For example, if regular watering and moderate temperatures are provided to cacti during the winter, they will have unsightly growth and no flowering. And hippeastrums will stop forming buds and their owners will only have to admire the lush foliage.

Temperature of soil

Temperature for houseplants: Comfortable temperature for houseplants

As a rule, the soil in the flower pot has a temperature that is a couple of degrees different from the indoor air. During the winter, it is very important to ensure that the root system does not become overcooled. To do this, you need to take a number of measures. First, the pot in any case should not stand very close to the glass. Secondly, put a mat of wood, cardboard, cork or plastic foam under the pot.

If there will be a supercooling, the root system is much worse to absorb moisture from the soil, which can contribute to rotting.

For example, Diffenbahia feels great when the soil temperature is 24-27 degrees. And experienced florists advise filling the trays of flowers such as ficus, gardenia and eucharis with warm water, since they simply adore warm soil.

Heat tolerance of certain plant groups

Temperature for houseplants: Comfortable temperature for houseplants

Plants that are dormant at 5-8 degrees

These plants need lower temperatures in the fall and winter and rest: laurel, fatsia, succulents, rhododendron, chlorophytum and others.

Warm-loving plants (20 to 25 degrees)

This group includes: Diffenbachia, Codium, Caladium, Disigotea, Aglaonema, Calatea, Orchid, Syngonium, Acalifa, etc.

Plants that need moderate heat (17 to 20 degrees)

This group includes clerodendron, wax ivy, sinzingia, Liviston palm, afelandra, reo, anthurium, senpolia, pandanus, monster, coconut palm, guinura, pelea and others.

Plants needing cool (10 to 16 degrees)

This includes: azalea, oleander, pelargonium, aspidistra, ficus, trudescantia, roses, fuchsia, primroses, aucuba, stonewort, ivy, cyperus, chlorophytum, araucaria, Asparagus, Dracenium, Begonia, Balzaminium, Bromeliads, Callanhoe, Coleus, Maranta, Ferns, Chevron, Philodendron, Hoya, Peperomia, Spatifilum etc.

Temperature for growing indoor plants.

The effects of heat disturbance

Serious changes in temperature

Plants are extremely negative to sudden drops in temperature of more than 6 degrees. Thus, for example, the leaves of a Diffenbahia hepatica turn yellow and wither away if the temperature drops by 10 degrees.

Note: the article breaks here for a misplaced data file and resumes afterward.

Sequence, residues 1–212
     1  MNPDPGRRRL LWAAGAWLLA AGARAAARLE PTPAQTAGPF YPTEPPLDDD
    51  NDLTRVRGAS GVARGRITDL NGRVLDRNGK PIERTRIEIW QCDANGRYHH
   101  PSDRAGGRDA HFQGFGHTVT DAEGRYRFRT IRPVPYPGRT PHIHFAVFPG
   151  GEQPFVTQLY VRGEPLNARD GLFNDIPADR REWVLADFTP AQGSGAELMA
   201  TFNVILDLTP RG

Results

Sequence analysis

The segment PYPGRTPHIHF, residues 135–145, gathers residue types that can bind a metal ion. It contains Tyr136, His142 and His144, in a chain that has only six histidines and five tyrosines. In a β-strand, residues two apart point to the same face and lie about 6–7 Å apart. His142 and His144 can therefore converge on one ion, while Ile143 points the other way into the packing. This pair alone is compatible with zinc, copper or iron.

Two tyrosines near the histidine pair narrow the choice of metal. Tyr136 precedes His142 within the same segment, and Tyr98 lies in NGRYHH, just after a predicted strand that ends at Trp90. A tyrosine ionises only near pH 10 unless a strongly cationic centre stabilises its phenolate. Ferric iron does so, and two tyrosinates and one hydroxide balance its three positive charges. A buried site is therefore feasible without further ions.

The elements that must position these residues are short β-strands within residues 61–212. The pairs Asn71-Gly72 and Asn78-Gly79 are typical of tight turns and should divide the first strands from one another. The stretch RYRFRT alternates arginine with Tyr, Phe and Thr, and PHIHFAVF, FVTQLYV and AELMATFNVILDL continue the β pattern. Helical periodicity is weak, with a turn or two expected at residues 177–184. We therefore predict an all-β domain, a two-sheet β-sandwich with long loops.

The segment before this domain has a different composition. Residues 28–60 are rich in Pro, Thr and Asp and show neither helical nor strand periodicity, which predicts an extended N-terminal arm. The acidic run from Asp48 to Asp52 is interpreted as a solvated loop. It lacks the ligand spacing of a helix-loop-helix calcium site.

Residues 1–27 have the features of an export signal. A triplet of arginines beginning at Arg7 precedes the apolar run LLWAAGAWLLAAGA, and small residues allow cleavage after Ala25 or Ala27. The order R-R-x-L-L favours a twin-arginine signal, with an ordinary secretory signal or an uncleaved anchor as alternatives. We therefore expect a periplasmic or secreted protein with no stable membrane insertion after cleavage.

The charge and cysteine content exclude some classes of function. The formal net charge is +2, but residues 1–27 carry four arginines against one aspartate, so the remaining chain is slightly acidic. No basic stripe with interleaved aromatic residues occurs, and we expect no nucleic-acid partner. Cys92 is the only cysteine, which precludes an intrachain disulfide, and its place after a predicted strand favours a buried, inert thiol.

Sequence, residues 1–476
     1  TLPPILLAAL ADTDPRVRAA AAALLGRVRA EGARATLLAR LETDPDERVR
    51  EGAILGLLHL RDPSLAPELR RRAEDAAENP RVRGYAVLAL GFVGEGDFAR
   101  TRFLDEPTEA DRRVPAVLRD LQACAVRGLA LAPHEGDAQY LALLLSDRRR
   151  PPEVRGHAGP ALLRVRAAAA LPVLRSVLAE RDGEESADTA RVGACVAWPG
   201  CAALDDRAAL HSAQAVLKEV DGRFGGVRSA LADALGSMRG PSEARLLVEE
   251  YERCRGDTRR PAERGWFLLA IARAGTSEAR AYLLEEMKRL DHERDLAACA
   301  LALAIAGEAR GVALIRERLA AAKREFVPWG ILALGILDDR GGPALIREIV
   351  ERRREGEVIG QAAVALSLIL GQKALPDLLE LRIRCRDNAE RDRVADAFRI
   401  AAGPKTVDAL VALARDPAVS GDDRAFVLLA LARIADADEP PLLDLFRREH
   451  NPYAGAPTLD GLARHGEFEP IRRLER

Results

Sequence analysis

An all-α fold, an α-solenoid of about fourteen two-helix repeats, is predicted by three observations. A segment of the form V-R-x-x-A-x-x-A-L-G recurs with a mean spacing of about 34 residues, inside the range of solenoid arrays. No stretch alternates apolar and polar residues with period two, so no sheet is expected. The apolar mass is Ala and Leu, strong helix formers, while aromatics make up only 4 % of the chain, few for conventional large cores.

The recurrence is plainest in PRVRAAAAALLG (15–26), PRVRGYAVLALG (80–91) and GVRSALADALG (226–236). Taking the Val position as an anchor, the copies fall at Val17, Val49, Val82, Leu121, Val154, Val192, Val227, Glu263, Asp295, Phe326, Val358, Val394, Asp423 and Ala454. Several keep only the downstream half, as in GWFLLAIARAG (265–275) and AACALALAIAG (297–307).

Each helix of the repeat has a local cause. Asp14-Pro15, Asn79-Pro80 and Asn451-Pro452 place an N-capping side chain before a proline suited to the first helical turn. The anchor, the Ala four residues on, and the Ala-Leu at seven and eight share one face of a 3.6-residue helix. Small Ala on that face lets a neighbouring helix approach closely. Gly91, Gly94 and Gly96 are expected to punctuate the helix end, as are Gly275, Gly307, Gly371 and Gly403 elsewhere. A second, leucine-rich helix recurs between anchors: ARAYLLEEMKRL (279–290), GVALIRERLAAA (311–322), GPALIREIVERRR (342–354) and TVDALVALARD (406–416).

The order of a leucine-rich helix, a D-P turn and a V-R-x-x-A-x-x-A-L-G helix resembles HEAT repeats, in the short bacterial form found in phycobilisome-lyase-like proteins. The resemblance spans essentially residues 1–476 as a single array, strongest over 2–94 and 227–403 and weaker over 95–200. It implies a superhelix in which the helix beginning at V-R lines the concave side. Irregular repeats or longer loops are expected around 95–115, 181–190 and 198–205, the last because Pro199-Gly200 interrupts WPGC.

Goldenseal scindapsus stops growing if the temperature drops by 15°C.

Temperatures drastically change the leaves on houseplants yellow and fall off. You should therefore make sure you move the plants away from the window if you air the room during the winter.

Temperature for houseplants: Comfortable temperature for houseplants

Temperature below normal

If the temperature is below normal, the plants will not bloom for long or they may produce underdeveloped buds. The foliage becomes much darker, curls and begins to fall off.

However, succulents and cacti tolerate low temperatures quite well.

We should not forget that during the fall and winter period the temperature on a window sill will differ from the room temperature downwards by 1-5 degrees.

Temperature above normal

If the room is very hot during winter, this will have an extremely negative effect on the tropical plants. Especially if it is hotter at night than during the day. Thus, plants spend a very large amount of nutrients accumulated during the day due to photosynthesis when they breathe at night.

As a result, the plant will become exhausted, its shoots will stretch out and become very long, the old leaves will dry out and die, and the new ones will be much smaller. The leaves below, like the flowers, will begin to fade and their edges will become darker.

Temperature for houseplants: Comfortable temperature for houseplants


No plant will grow and develop normally if there is a draft. This should definitely be considered when choosing a place for them. However, there are some plants which do not mind a draught but have very few (e.

g. oleander).

Summary: Almost all houseplants need a moderate air temperature considering the requirements of the different species. And they also need a fairly cool temperature during their resting period (if they have one).